If there was an award for ‘Most Misleading Title of the Fringe’, Juana in a Million would have to be a contender. Initially put off by the pun, I only realised this was a must-see play upon discovering that it had been directed by Nir Paldi, artistic director of Theatre Ad Infinitum, the company responsible for the wonderful Translunar Paradise – which is itself, incidentally, back for a second run at the Pleasance this year. What is more, Juana in a Million has garnered a lot of recent acclaim and a Fringe First award to boot.
It is a powerful one-woman show, written by and starring Vicky Araico Casas, who turns in a remarkable performance as Juana, a Mexican immigrant attempting to make herself a new life in the UK. The piece was created with the help of the Latin American Women’s Rights Service, a London-based charity set up to help disenfranchised women just like Juana, and the entire play is based on a combination of Casas’s own experiences and those of women who have been helped by LAWRS. As a character, then, Juana is an amalgam of several real people’s experiences, but there are real women just like her all over the country.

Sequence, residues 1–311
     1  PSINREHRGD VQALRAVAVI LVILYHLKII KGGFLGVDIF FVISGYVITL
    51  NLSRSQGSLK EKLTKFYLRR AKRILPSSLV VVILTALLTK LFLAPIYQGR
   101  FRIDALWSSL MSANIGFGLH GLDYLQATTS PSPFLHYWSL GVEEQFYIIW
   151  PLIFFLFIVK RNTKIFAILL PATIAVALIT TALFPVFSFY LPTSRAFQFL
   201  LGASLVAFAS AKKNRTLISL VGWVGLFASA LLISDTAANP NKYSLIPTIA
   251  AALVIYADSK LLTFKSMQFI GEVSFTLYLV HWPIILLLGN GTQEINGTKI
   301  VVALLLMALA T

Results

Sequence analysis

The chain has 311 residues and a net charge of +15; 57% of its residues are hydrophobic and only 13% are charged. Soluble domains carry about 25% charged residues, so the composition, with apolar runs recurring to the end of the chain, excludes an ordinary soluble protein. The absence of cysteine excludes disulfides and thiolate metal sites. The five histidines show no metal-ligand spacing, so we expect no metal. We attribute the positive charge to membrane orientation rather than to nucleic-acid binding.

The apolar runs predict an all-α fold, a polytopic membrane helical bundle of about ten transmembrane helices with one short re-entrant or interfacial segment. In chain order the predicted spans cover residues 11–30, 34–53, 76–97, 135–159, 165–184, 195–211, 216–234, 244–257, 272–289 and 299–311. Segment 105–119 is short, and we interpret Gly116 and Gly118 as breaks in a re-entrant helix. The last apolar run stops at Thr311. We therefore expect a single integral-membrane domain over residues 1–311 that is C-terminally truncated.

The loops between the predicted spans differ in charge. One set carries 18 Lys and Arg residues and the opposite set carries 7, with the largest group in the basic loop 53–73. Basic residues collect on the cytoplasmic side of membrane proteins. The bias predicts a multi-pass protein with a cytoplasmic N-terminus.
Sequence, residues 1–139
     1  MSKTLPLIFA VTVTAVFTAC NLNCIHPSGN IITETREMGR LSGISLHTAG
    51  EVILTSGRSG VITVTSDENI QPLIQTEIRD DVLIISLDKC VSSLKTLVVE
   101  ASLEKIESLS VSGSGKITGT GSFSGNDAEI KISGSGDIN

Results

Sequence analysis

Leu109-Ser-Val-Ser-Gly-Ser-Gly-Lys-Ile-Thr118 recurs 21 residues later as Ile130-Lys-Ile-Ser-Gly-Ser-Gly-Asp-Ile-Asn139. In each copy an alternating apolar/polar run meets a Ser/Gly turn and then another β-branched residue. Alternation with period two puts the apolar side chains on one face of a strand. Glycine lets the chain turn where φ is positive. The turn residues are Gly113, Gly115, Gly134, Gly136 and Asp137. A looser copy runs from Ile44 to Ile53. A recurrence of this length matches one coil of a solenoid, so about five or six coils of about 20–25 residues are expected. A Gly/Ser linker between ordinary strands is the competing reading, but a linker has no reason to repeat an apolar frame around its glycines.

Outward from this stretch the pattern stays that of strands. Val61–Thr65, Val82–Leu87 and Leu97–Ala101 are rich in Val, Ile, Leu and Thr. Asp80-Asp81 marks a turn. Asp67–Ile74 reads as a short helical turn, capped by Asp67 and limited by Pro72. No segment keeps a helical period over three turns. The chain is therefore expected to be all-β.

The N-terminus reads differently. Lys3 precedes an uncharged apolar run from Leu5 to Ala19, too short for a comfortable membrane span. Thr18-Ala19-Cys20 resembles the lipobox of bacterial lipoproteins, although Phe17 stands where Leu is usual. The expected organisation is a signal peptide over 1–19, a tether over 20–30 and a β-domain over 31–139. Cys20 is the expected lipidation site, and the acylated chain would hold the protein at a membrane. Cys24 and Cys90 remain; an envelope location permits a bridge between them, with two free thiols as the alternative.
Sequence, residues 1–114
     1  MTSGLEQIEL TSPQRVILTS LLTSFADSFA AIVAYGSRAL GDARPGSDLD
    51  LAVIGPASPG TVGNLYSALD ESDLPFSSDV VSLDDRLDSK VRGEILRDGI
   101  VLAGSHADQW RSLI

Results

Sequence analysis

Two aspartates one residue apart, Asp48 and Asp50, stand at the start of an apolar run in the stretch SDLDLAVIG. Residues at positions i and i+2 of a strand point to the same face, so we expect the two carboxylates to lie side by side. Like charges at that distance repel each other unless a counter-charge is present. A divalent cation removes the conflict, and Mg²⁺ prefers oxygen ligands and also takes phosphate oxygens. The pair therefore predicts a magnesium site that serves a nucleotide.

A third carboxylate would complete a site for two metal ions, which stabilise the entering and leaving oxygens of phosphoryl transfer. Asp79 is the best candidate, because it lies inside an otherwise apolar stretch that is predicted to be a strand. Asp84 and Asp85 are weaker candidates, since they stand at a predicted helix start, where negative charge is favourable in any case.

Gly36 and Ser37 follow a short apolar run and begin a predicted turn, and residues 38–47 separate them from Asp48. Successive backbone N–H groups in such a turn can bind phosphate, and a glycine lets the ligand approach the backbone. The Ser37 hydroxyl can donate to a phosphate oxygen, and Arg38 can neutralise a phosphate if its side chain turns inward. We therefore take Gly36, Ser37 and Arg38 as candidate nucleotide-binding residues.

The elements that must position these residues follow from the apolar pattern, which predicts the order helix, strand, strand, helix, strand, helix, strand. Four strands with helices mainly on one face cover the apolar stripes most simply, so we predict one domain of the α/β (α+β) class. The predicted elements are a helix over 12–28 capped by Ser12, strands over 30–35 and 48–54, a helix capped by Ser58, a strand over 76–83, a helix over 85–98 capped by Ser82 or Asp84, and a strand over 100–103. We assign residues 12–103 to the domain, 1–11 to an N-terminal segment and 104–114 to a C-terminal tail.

Having grown up working for a family restaurant, whose business is now severely compromised by local criminals’ demands for higher and higher amounts of protection money, Juana’s home is so torn apart by crime and gang-warfare that she feels trapped. To her mother’s dismay, she can see no other option but to flee to London and attempt to begin a new life. Arriving with no work-permit and only a suitcase full of clothes, Juana moves into a single room shared by seven other immigrants who all ‘hotbed’; half work nights, half days, and they share four beds.
With no rights, no experience and unable even to speak the language, Juana tries desperately to earn herself the future she knows she deserves; she dreams of learning English, going to University and becoming ‘a professional’. Inevitably, she is mistreated and discriminated against over and over again, and as her options slip away, there seems only one bleak option left to her.
Casas is full of energy and humour as Juana, showing us her incredible strength of character in the face of every new mishap, though some of the physical theatre – particularly when portraying her mother – does feel a little contrived. Other elements work very well, though, and the music by Adam Pleeth, the only other performer on stage, adds real atmosphere. When it is used in combination with Casas’s repeated motions to show the boring, horribly repetitive nature of her jobs, the play is at its strongest.
Juana in a Million is not a perfect piece of theatre, but it is interesting, at times sad, at times funny and very, very beautifully performed.
**** – 4/5 stars
Juana in a Million is playing at Pleasance Dome as part of the Edinburgh Fringe Festival until 26 August. For more information and tickets, see the Edinburgh Fringe website.